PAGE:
The goals of peritoneal dialysis are to remove toxic substances and metabolic wastes and to re-establish normal fluid and electrolyte balance. Peritoneal dialysis may be the treatment of choice for pa-tients with renal failure who are unable or unwilling to undergo hemodialysis or renal transplantation. Patients who are suscepti-ble to the rapid fluid, electrolyte, and metabolic changes that occur during hemodialysis experience fewer of these problems with the slower rate of peritoneal dialysis. Therefore, patients with diabetes or cardiovascular disease, many older patients, and those who may be at risk for adverse effects of systemic heparin are likely candidates for peritoneal dialysis. Additionally, severe hypertension, heart failure, and pulmonary edema not responsive to usual treatment regimens have been successfully treated with peritoneal dialysis.
dialysis can be performed using several different ap-proaches: acute,
intermittent peritoneal dialysis; continuous
am-bulatory peritoneal dialysis (CAPD); and continuous cyclic peritoneal dialysis (CCPD). These three methods
are discussed later. As with other forms of treatment, the deci-sion to begin
peritoneal dialysis is made by the patient and fam-ily in consultation with the
specific patient populations do benefit from peri-toneal dialysis, it is not as
efficient as hemodialysis (Lindsay & Kortas, 2001). Because cardiovascular
disease is the cause of death in half of all patients with ESRD, the adequacy
of dialysis must be defined, in part, by its potential to reduce cardiovascular
dis-ease. Blood pressure, volume, left ventricular hypertrophy, and
dyslipidemias are the major causes of morbidity and mortality in patients
undergoing peritoneal dialysis (Chatoth, Golper & Gokal, 1999).
peritoneal dialysis, the peritoneum, a serous membrane that covers the
abdominal organs and lines the abdominal wall, serves as the semipermeable
membrane. The surface of the peritoneum constitutes a body surface area of about
22,000 cm2. Sterile dialysate
fluid is introduced into the peritoneal cavity through an abdominal catheter at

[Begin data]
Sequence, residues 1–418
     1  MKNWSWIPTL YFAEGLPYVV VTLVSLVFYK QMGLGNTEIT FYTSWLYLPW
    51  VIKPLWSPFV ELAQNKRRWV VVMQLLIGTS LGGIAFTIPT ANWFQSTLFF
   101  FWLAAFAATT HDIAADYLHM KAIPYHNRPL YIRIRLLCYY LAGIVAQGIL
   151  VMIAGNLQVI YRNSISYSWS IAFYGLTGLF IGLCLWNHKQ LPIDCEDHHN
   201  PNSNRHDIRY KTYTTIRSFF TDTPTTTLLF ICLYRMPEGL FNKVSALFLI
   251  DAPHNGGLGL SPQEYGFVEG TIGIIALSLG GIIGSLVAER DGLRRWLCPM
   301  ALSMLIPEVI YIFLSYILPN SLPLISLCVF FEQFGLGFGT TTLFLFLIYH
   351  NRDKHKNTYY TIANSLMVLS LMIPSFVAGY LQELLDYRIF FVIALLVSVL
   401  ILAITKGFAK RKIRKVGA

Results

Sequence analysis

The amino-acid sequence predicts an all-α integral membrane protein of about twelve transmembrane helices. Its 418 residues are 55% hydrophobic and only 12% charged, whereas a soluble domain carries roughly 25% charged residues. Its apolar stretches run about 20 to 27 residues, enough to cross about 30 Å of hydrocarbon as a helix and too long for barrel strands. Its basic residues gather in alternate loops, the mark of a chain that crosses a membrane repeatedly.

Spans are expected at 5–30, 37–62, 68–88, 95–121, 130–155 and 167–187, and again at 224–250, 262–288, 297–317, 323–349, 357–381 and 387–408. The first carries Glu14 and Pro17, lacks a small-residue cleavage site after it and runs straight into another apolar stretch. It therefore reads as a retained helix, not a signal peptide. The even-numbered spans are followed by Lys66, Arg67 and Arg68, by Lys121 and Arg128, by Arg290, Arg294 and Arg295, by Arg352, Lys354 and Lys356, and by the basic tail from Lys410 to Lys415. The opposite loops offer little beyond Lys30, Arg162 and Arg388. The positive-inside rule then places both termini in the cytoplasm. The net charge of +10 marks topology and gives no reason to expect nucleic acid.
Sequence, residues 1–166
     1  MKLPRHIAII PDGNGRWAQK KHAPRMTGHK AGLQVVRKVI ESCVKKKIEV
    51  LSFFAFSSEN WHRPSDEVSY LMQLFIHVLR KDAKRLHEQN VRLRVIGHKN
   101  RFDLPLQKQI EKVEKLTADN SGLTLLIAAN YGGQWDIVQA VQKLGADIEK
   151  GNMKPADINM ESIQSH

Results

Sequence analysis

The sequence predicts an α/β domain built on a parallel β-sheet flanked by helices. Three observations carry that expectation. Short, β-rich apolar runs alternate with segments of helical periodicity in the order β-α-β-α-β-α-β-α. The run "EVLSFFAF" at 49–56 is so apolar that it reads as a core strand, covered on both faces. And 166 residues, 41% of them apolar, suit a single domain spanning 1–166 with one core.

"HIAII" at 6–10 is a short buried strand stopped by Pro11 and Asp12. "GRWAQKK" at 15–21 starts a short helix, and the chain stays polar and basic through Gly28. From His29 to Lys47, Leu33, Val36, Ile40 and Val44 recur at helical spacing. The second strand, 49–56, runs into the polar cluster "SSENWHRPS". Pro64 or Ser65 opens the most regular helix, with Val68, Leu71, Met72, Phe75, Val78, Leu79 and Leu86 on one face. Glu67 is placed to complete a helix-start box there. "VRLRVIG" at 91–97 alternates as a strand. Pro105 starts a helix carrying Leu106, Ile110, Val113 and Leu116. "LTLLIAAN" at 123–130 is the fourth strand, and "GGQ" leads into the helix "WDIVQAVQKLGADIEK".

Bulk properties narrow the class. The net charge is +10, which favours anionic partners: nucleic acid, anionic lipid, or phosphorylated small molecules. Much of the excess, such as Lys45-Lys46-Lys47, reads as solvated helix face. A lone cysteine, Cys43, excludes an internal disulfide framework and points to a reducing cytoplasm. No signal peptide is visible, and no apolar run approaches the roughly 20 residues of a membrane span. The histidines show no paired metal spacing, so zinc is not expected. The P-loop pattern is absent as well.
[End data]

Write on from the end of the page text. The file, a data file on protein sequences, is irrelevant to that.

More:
intervals (Fig. 44-8). Urea and creatinine, metabolic end products normally
excreted by the kidneys, are cleared from the blood by diffusion and ossmosis
as waste products move from an area of higher concentration (the peritoneal
blood supply) to an area of lower concentration (the peritoneal cavity) across
a semipermeable membrane (the peritoneal membrane). Urea is cleared at a rate
of 15 to 20 mL/min, whereas creatinine is removed at a slower rate. It usually
takes 36 to 48 hours to achieve with peritoneal dialysis what hemodialysis
accomplishes in 6 to 8 hours. Ultrafiltration (water removal) occurs in
peritoneal dialysis through an osmotic gradient created by using a dialysate
fluid with a higher glucose concentration.
The patient undergoing peritoneal dialysis may be acutely ill, thus requiring short-term treatment to correct severe distur-bances in fluid and electrolyte status, or may have chronic renal failure and need to receive ongoing treatments.
nurse’s preparation of the patient and family for peritoneal dialysis depends
on the patient’s physical and psychological sta-tus, level of alertness,
previous experience with dialysis, and un-derstanding of and familiarity with
nurse explains the procedure to the patient and obtains signed consent for it.
Baseline vital signs, weight, and serum elec-trolyte levels are recorded. The
patient is encouraged to empty the bladder and bowel to reduce the risk of
puncturing internal organs. The nurse also assesses the patient’s anxiety about
the pro-cedure and provides support and instruction. Broad-spectrum antibiotic
agents may be administered to prevent infection. If the peritoneal catheter is
to be inserted in the operating room, this is explained to the patient and
addition to assembling the equipment for peritoneal dialysis, the nurse
consults with the physician to determine the concen-tration of dialysate to be
used and the medications to be added to it. Heparin may be added to prevent
blood clotting and resultant occlusion of the peritoneal catheter. Potassium
chloride may be prescribed to prevent hypokalemia. Antibiotics may be added to
treat peritonitis. Insulin may be added for diabetic patients; a
larger-than-normal dose may be needed, however, because about 10% of the
insulin binds to the dialysate container. All medica-tions are added
immediately before the solution is instilled. Asep-tic technique is crucial.
medications are added, the dialysate is warmed to body temperature to prevent
patient discomfort and abdominal pain and to dilate the vessels of the
peritoneum to increase urea clearance. Solutions that are too cold cause pain
and vasoconstriction and reduce clearance. Solutions that are too hot burn the
peritoneum. Dry heating is recommended (heating cabinet, incubator, or heat-ing
pad). Microwave heating of the fluid is not recommended be-cause of the danger
of burning the peritoneum.
before initiating dialysis, the nurse assembles the administration set and
tubing. The tubing is filled with the pre-pared dialysate to reduce the amount